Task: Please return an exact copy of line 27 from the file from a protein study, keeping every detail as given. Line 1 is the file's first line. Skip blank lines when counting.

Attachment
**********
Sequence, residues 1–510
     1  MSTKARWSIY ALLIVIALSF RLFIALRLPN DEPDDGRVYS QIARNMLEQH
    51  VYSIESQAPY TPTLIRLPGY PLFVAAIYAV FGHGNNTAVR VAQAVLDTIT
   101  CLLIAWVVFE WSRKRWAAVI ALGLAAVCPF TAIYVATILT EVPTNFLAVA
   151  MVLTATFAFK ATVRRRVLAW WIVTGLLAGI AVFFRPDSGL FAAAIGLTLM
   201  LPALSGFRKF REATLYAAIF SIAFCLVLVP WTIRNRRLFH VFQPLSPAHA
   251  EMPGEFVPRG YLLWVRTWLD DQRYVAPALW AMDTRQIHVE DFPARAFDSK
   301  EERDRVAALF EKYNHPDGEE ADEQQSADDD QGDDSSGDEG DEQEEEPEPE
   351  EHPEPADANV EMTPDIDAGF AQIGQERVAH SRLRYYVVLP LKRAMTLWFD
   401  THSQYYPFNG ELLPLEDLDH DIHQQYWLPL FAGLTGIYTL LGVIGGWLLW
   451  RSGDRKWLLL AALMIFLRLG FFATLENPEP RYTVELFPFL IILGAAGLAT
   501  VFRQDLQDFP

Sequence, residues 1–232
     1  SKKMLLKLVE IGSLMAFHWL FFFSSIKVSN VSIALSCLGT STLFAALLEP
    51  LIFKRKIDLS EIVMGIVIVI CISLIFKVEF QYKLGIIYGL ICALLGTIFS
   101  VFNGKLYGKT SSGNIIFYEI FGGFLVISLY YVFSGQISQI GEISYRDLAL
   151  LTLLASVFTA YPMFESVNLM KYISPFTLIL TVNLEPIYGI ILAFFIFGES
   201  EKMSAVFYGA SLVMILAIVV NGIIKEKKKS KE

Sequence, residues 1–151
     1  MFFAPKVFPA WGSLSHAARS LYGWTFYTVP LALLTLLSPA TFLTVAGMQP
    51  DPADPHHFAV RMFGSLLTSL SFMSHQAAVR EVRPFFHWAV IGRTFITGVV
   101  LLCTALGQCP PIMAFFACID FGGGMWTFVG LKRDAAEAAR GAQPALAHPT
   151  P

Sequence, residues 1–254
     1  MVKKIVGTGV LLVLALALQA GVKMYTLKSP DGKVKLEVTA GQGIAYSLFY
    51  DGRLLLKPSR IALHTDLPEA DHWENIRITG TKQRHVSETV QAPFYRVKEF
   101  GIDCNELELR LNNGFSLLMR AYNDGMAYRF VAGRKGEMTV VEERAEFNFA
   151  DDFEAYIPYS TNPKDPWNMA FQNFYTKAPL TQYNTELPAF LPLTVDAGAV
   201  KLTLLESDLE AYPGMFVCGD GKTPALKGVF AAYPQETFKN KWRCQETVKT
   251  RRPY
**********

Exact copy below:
   101  GIDCNELELR LNNGFSLLMR AYNDGMAYRF VAGRKGEMTV VEERAEFNFA